the paintings of frederick terna

107081311-06132016-terna-frederick-bomb-01Stephen Westfall at BOMB Magazine:

In 1943, at the age of twenty, Frederick Terna knew that if he survived the war he was going to be a painter. At the time he was an inmate of Terezín, which was not his first concentration camp, nor was it to be his last. In all, Terna was interned at four different camps: first at Lipa, known as Linden bei Deutsch-Brod, from October 3, 1941 to March 1943; then Terezín, known as Ghetto Theresienstadt, to fall of 1944; then Auschwitz to the end of 1944, and finally to Kaufering, a sub-camp of Dachau, outside of Munich, near Landsberg. Terna was born in Vienna but was raised in Prague, where his family moved when he was quite young. He lacked the realist rigor to enter art school at age thirteen. At Terezín, with horror all around him, he found himself composing mental pictures of the barracks, fences, and roads leading through the camp and adjusting them in his mind’s eye for better compositions. His fellow inmates told him he could be killed for his drawings.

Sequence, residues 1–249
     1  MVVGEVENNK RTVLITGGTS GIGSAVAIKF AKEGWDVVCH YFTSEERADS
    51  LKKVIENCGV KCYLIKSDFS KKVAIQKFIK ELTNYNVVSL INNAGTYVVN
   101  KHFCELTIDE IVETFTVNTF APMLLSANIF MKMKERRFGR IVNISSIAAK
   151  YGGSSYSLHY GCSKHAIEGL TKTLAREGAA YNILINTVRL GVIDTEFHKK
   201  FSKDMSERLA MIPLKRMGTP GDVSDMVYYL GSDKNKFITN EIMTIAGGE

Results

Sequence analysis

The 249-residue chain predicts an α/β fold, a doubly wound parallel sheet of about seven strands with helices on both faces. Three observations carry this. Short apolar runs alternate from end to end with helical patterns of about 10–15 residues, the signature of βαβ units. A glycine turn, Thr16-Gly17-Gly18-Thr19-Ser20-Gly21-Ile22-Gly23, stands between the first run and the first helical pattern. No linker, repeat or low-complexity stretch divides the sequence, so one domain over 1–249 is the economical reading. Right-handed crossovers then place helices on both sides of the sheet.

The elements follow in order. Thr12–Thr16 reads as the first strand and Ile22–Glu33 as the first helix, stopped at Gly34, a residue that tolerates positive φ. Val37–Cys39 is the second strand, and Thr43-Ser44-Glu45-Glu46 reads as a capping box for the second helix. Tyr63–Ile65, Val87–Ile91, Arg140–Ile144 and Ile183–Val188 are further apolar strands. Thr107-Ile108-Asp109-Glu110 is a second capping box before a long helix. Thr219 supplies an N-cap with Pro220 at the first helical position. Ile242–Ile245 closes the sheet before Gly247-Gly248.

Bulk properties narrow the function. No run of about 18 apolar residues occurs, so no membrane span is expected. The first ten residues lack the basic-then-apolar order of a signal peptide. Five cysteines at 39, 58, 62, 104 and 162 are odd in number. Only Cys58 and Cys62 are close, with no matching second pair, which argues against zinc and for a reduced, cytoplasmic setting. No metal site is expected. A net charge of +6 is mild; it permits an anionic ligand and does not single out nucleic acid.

Holocaust survivors are remarkable for the mere and obdurate fact of their survival. Each one is an extraordinary case study, even if they achieve little in their life afterward. The children of survivors are notoriously at risk for neuroses of their own, and so on. History’s great crimes reverberate for generations. Terna lost his entire family in the camps.

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